Topaz Glow

My quick overview of Topaz Glow…

Glowing Shark
A Hammerhead Shark Image post processed using Glow

A hammerhead shark swims beneath the sea in this impressionist work featuring fluid glowing lines with an almost neon quality to them.

This was actually made from an older image of mine that was a realistic image of a hammerhead shark, created using digital 3D rendering techniques. I’ve altered it though using a tool called Glow From Topaz labs. It’s a really cool computer program that gives your images a wild expressionist look ranging from a style reminiscent of Vincent Van Gogh to modernist neon impressionism.

 
Hammerhead
The Image before being processed in Glow

I’d seen a lot of photographers making sales with their photos that had been run through Topaz Glow. They looked awesome and I knew I wanted to give the application a try with some of my render art. It required me to update the drivers on my graphics card, but once I did that, it was easy to install and very easy to use.

I found that it doesn’t always make an image better, but for some it really had some great results. This particular image, I thought, turned out very well.

Glow used to be a standalone application, but now you get it as a plugin for Topaz’s flagship application Topaz Studio.  Studio is free and allows you to integrate most of their products.  Glow will set you back around 70 bucks, but it’s can pay for itself in just one print sale.

If you’d like to check out Topaz Glow, and I recommend that you do, click on the button.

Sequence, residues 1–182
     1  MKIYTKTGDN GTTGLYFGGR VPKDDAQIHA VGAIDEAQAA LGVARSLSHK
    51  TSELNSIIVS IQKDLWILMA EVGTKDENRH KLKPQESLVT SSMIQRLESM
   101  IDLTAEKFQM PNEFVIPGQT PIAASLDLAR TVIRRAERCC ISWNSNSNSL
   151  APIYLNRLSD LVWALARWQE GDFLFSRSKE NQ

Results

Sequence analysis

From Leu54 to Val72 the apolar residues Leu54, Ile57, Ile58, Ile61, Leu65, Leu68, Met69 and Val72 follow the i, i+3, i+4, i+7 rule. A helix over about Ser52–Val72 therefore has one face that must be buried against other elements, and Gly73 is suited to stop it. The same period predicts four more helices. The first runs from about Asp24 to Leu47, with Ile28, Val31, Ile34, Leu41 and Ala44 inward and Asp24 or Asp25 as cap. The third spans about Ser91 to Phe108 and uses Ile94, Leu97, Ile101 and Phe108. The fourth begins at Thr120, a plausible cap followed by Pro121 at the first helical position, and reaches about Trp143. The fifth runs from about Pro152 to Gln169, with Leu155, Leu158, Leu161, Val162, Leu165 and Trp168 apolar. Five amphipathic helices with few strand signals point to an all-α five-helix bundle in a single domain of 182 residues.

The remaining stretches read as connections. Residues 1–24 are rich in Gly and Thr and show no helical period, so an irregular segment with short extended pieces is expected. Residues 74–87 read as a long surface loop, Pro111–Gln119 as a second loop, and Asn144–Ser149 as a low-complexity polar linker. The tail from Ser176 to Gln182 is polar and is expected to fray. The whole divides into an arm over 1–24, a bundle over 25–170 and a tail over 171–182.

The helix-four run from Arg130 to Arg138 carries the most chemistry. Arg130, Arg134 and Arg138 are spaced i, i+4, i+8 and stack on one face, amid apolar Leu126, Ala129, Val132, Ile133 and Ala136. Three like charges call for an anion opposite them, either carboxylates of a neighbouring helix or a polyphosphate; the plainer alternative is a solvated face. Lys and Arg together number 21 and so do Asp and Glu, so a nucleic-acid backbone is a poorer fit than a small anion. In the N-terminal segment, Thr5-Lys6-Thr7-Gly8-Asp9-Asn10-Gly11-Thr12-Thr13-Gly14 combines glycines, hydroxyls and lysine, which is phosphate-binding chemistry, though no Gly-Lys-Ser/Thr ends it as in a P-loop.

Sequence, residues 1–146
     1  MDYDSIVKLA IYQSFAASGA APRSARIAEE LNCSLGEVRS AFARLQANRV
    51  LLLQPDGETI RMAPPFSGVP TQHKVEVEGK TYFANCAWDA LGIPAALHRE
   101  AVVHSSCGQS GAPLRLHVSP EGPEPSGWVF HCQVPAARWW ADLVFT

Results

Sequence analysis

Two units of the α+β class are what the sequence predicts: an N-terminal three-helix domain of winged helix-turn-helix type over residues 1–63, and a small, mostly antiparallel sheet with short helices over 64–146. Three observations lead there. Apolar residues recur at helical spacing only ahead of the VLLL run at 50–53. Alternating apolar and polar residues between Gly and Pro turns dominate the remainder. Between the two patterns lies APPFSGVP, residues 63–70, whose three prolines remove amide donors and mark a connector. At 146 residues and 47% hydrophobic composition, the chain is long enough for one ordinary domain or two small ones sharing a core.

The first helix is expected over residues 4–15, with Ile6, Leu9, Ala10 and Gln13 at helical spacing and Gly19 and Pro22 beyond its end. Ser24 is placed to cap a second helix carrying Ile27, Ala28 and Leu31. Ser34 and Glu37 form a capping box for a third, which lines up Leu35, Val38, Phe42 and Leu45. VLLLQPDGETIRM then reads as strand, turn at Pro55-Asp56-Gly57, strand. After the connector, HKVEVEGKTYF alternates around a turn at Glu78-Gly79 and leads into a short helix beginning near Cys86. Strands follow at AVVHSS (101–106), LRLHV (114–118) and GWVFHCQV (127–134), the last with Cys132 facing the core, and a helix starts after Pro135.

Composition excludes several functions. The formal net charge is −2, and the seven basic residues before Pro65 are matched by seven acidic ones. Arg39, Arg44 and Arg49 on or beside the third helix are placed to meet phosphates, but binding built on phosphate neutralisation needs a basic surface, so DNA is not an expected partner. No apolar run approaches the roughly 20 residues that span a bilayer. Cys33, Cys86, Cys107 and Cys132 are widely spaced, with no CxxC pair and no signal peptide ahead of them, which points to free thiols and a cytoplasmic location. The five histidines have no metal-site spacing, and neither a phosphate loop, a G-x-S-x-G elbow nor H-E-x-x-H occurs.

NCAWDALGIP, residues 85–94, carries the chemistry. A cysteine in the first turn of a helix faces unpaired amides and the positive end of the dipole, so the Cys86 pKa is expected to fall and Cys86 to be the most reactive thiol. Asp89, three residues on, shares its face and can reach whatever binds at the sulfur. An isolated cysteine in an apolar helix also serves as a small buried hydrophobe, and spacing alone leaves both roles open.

Get Glow

By the way, that link is an affiliate link. If you click on it and should happen to buy glow within 30 days, I will get a small commission on the sale. It does not raise the price for you. For those of you who do buy, THANK YOU!

I’ve also done a video review of glow.  This was the older version prior to being a plug in for Topaz Studio, but the latest version is quite similar in what is can do. 

 

Regards,
Daniel

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What is Photoshop?

Photoshop, a  product description

Photoshop is the single most powerful and most used computer application in the world for art and photography.  Most people who have spent any time doing digital art or photography have used it.  However, as you may be new to digital art, I’m going to introduce it as if you’ve never heard of it.
 
Sepia Image
A image with a sepia tone filter applied using Photoshop
Photoshop is a digital image manipulation program, that is, it’s an image editor.  You can do all sorts of things to an image as a whole with it, such as adjusting brightness, contrast, etc.; moreover, you can use it to apply various filters to image, for instance, giving an image a sepia tone.   You can also edit parts of the image, such as painting on it with virtual brushes.  In fact, you can create an entire digital painting with it. And, it works particularly well with tablets and styluses (I personally use it with a Wacom Bamboo).
 
Until I got into 3D rendering, Photoshop was all I needed for doing digital art.  For several years, I needed nothing else.  There is so much that you can do with Photoshop. There are so many books on how to use it that they could fill a library, classes you can take, and thousands upon thousands of Youtube videos on how to use it.

How to get it 

Photoshop
Photoshop with one of my images loaded.

For a long time, Photoshop was a rather expensive application that you had to buy at a place like Best Buy off the shelf.  Later on, you could buy it online and download it, but even then, it cost hundreds of dollars.  Now however, Adobe (the company that produces Photoshop) has made it available through a subscription model.  That makes it way more comfortable to try out.  As I write this, you can get a monthly subscription as low as 10 bucks a month.  

 
It’s something you might want to check out…
 

Watch Me Get Photoshop

I recorded myself actually getting the latest version of Photoshop.  So if you want a video walk through of how to get it, here you go:

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